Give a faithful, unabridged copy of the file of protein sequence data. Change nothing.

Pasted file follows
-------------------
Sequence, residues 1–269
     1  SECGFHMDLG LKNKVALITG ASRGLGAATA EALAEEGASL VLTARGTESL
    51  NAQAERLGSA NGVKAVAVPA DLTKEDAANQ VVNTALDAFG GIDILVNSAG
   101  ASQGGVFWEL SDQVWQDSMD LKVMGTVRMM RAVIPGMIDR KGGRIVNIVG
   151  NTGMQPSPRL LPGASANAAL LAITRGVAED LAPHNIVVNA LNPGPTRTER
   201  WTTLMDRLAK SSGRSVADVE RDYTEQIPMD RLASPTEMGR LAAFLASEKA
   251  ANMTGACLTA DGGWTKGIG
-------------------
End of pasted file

Sequence, residues 1–269
     1  SECGFHMDLG LKNKVALITG ASRGLGAATA EALAEEGASL VLTARGTESL
    51  NAQAERLGSA NGVKAVAVPA DLTKEDAANQ VVNTALDAFG GIDILVNSAG
   101  ASQGGVFWEL SDQVWQDSMD LKVMGTVRMM RAVIPGMIDR KGGRIVNIVG
   151  NTGMQPSPRL LPGASANAAL LAITRGVAED LAPHNIVVNA LNPGPTRTER
   201  WTTLMDRLAK SSGRSVADVE RDYTEQIPMD RLASPTEMGR LAAFLASEKA
   251  ANMTGACLTA DGGWTKGIG